Seeing I bred and showed dogs on and off for 30 years, naturally I like this article. I was prepared to give my brother a Shetland Sheepdog puppy when he decided he needed a dog but instead he bought two "designer" breeds, (no doubt at a ridiculous price), a Maltese/Shih Tzu cross and a Westie/Shih Tzu cross, one of which had a problem where its leg bones weren't growing at the same rate. He was quoted $1300 for the operation to correct that quite some years ago, and when I asked him what it did finish up costing him he wouldn't say, so a lot more probably. He could have had a nice sound little pure breed, but there you are.

November 17th, 2010, 08:42 AM
I wonder why it is though, that some pet health care plans ask lower premiums for F1 mixes than for purebreds? I am a licensed insurance broker and I know insurance companies don't give breaks unless there is very good evidence. I don't have pet insurance and I found out when a dog walker told me her Wheaten/Poo was charged a lower premium than either a purebred Poodle or SCW. I wish I could see the data they used to determine that F1 mix was going to cost them less money.

From the insurance companies' point of view I think I can see a reason. Lets take Labs, my breed. We now have genetic testing for EIC and CNM, which are more prevalent in Labs, I think, though do occur in some other breeds but not many. Reputable Lab breeders will make sure EIC and CNM do not occur in their litters by screening the parent dogs.

But Labs are one of the most popular and thus poorly bred, dogs in NOrth America and have been for what? 17 years? Is it safe to say there are likely more badly bred, yet registered, Labs, than well bred? This is conjecture on my part but lets say yes. So cross a Lab with a breed that does not have a history of EIC or CNM and you reduce the chance of seeing those ailments in your litter.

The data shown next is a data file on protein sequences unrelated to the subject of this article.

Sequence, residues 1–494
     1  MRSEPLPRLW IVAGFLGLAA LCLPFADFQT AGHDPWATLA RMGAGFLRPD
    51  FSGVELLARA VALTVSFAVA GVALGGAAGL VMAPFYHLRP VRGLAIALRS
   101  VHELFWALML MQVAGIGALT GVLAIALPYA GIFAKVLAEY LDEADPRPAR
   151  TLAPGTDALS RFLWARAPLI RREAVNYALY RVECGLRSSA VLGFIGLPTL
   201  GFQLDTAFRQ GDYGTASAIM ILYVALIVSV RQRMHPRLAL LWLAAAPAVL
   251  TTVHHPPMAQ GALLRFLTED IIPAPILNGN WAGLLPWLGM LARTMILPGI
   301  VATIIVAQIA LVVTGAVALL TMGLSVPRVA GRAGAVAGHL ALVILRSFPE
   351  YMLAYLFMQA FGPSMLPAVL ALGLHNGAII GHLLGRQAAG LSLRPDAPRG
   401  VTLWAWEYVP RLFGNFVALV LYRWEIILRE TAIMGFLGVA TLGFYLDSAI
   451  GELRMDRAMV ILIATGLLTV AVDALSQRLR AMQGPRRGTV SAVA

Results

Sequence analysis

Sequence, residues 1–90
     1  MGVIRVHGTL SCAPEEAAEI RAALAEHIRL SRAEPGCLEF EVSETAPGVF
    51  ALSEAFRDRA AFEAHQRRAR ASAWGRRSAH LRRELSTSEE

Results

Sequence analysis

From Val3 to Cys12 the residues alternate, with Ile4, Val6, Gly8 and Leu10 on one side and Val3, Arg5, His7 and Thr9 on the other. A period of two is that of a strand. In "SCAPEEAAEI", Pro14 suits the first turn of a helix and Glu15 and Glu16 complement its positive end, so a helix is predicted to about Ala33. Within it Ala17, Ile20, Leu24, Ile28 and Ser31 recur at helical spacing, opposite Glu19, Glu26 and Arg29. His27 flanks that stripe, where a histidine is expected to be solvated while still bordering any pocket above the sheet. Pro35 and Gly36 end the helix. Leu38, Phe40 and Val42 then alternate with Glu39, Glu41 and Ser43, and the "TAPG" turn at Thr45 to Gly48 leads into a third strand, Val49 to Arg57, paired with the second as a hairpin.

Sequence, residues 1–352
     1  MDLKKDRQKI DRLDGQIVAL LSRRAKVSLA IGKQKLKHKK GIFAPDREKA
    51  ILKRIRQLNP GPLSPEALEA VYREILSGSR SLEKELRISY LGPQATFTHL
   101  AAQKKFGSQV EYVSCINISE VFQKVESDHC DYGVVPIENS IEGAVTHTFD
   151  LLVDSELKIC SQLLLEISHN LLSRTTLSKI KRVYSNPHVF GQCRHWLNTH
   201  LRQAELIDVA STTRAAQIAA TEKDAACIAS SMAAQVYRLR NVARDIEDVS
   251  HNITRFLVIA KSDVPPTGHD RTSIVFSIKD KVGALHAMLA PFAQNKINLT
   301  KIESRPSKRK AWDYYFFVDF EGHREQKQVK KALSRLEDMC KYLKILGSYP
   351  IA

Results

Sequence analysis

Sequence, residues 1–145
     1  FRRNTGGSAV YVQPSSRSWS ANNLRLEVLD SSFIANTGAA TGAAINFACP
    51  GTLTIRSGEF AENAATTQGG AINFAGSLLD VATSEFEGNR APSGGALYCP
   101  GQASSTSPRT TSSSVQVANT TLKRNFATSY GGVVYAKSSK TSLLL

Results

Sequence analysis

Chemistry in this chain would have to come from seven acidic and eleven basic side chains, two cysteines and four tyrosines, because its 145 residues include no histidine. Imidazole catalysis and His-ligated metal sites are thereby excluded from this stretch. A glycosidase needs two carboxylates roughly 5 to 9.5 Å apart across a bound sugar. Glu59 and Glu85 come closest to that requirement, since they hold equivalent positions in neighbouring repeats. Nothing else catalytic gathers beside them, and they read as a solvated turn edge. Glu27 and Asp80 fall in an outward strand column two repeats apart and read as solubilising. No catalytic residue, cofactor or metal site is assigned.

One huge hole I can see in my supposition above is that the crossing involves a breeder knowledgeable and experienced and reputable in both breeds and I, for myself, think that is possible but in reality, rare.

I'm just sorta thinking out loud. My own Lab is purebred and from a well recognized breeder so I hope no one thinks I am bashing the article. I like the article but I find it does not really discuss hybrid vigour in much detail. It veers into PETA and proper research to find a reputable breeder but really does not give us much scientific background on hybrid vigour. Hybrid vigour is a scientific fact. I'd like to see more scientific data on why it might apply to petunias and not to dogs. I'd like lots more information. I'd like links to data so I could point to information that is more than what I believe but what is proven to be.

Did I make any sense? :confused: If not, start bashing. :)

November 21st, 2010, 12:34 AM
It all makes sense and I have nothing against buying a dog from a reputable breeder. Yes some breeds have been changed by breed clubs, I recall when that little bit came out in the UK. Alas there are hundreds of years of breeding behind some breeds and I hate to loose them. I own purebreds, mind you they are adopted but I knew what they were going to be like based on breed. I have had mutts too don't get me wrong. Breeding mutts on purpose and this trend is killing me I think it's pathetic and irresponsible, the fact that people are actually paying for the dogs is asinine. I remember when I was young people could barely give them away and now silly people are paying in the thousands for them!!! ROFL It's just insane.

As for the insurance, apparently nobody told them either. I have had two friends loose mutts at a very early age to an odd form of aggressive cancer. YUP those mutts sure guarantee health. My purebred just died at 19. Hmmmmmm. Like anything there are no guarantees in life but breeders breeding properly are doing their best to breed the very best quality dogs in all aspects. They aren't just tossing two dogs together and hoping for the best.

I am not ashamed to say I love purebreds dogs.

November 21st, 2010, 03:58 AM
IMO pure breed or not it shouldn't really matter I love them all just the same. A stray dog with all kind of random mixes could be the best creature in the world to me.

November 21st, 2010, 11:36 AM
I love them all too but the point is one shouldn't be breeding mutts.

November 21st, 2010, 12:35 PM
IMO pure breed or not it shouldn't really matter I love them all just the same. A stray dog with all kind of random mixes could be the best creature in the world to me.

Exactly how I feel. Not everybody wants a purebred, more importantly is that dogs are not over bred, and are not bred if there are genetic issues with the male or female.